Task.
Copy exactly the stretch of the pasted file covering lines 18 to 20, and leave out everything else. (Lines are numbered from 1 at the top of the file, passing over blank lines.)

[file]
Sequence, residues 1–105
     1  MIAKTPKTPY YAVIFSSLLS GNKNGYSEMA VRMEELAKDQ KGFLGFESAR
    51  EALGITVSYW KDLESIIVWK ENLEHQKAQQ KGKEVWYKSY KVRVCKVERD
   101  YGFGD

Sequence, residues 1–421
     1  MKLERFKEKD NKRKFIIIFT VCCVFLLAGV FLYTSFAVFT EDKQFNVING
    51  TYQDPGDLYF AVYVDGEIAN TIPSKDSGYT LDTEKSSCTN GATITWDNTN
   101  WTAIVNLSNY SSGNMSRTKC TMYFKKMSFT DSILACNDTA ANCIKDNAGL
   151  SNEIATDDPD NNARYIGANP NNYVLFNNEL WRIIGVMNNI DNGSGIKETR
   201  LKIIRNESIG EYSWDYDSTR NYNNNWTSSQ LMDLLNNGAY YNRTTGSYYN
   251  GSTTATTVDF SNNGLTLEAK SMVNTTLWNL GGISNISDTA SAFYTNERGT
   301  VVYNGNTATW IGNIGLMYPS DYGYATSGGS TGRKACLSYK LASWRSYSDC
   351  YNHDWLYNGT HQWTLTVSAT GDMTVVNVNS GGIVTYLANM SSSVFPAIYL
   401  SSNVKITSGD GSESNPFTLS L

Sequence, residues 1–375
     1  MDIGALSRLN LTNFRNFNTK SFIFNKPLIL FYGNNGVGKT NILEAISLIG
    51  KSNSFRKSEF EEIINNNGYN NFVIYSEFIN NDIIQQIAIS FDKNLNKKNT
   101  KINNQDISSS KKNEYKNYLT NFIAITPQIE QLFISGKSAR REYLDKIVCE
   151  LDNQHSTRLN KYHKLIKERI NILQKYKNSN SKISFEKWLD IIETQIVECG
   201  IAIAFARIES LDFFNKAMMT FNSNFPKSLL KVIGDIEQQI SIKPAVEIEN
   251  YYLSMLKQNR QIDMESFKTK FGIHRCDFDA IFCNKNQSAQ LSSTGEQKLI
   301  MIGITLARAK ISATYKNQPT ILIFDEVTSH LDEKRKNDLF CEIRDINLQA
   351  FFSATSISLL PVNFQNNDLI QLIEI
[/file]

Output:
   101  KINNQDISSS KKNEYKNYLT NFIAITPQIE QLFISGKSAR REYLDKIVCE
   151  LDNQHSTRLN KYHKLIKERI NILQKYKNSN SKISFEKWLD IIETQIVECG
   201  IAIAFARIES LDFFNKAMMT FNSNFPKSLL KVIGDIEQQI SIKPAVEIEN